Posted by on in Consumer Health, Digital Health, Payers, Providers

With the closing of the CVS/AET and CI/ESRX combinations, healthcare services are now led by a triumvirate of vertically-oriented goliaths. And we can anticipate that there will be more care delivery acquisitions and investments to fill out the new vertical platforms—just as the leader UnitedHealth Group (UNH) continues to invest in its care delivery arm (with the pending acquisition of DaVita’s physician group) a decade after it first went into the clinic business. The extent to which the two new combinations have allowed legacy constituents CVS, AET, CI and ESRX to break away from the pack (and compete with UNH)… Read More

Posted by on in NEJM Highlights

The bundle Unlike many other CMMI experiments, the Comprehensive Care for Joint Replacement (CJR) program was a true randomized control trial in that participation was mandatory in a selection of metropolitan areas and not allowed anywhere else, which allows for an analysis untainted by self-selection bias. In brief the question to be answered was does a 90-day bundled payment for a joint replacement (knee/hip) get better value (improved care and/or lower costs) than the traditional FFS approach? A differences of differences analysis comparing the bundled vs. control arms before and after the intervention finds that the most significant divergence between… Read More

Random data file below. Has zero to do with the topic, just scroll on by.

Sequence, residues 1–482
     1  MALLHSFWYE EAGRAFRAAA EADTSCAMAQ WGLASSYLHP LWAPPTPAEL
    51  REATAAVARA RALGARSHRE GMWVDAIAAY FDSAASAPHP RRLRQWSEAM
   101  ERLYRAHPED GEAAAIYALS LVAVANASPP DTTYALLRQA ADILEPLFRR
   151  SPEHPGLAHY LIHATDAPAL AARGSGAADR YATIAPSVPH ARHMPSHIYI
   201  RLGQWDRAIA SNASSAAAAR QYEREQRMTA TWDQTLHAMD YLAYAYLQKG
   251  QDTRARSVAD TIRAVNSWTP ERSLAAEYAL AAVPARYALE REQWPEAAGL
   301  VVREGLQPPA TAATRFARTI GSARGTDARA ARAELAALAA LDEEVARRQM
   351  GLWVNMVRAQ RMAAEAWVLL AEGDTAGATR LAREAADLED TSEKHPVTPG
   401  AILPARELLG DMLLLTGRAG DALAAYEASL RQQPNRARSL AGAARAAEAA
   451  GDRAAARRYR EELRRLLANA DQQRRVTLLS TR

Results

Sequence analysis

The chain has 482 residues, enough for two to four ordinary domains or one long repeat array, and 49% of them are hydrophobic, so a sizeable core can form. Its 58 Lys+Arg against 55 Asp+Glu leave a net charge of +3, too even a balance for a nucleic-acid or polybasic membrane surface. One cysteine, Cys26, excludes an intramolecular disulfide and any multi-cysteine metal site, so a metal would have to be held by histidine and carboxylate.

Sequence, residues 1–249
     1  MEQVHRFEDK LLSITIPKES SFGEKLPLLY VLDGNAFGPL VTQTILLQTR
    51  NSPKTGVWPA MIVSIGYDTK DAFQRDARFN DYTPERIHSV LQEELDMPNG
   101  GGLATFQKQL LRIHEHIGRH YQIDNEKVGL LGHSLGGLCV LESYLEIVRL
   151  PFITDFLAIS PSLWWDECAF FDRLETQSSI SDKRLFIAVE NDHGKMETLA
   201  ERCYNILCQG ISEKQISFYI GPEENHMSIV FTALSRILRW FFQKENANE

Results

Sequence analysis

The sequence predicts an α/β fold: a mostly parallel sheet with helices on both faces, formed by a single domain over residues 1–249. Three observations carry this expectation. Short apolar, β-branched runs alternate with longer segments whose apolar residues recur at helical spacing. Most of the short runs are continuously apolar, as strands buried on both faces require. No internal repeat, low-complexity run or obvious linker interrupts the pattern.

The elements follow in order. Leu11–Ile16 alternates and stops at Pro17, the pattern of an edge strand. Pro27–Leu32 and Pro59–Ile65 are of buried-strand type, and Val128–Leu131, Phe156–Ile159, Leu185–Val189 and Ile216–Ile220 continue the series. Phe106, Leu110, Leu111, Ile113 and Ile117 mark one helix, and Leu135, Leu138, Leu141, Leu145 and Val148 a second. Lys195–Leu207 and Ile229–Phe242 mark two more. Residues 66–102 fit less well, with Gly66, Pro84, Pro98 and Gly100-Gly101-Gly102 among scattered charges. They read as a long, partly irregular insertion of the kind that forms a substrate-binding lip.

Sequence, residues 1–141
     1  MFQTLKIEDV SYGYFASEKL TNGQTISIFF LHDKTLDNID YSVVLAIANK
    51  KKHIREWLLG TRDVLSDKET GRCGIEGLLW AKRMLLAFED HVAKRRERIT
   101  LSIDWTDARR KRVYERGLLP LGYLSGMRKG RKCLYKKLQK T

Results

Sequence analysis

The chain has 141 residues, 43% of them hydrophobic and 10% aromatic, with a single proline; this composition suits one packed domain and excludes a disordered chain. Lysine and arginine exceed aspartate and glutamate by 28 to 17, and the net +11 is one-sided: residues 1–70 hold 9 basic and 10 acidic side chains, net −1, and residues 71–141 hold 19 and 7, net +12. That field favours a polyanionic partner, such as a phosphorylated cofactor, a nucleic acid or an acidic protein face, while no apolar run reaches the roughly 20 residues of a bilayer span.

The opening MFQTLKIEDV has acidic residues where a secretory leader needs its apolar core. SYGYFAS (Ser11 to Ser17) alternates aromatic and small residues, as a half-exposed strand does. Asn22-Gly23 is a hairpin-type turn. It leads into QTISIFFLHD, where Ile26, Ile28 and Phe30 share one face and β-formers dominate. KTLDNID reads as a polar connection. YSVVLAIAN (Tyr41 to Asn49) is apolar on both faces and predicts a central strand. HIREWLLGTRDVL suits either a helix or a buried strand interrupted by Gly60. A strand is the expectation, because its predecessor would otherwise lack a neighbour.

Posted by on in NEJM Highlights

Genetic trade secrets In 2012, the US Supreme Court decided a case known as “Prometheus” establishing that therapeutic methods based on biomarkers were not patentable – this essentially blocked one of the two main avenues to monetizing intellectual property from the very hard clinical work of figuring out personalized medicine, i.e. what works for whom. The other avenue that would remain is that of trade secrets, and I for one, have been waiting for the other shoe to drop.  A hint comes from a study on ovarian cancer just published in the NEJM: patients were selected on the basis… Read More

Posted by on in NEJM Highlights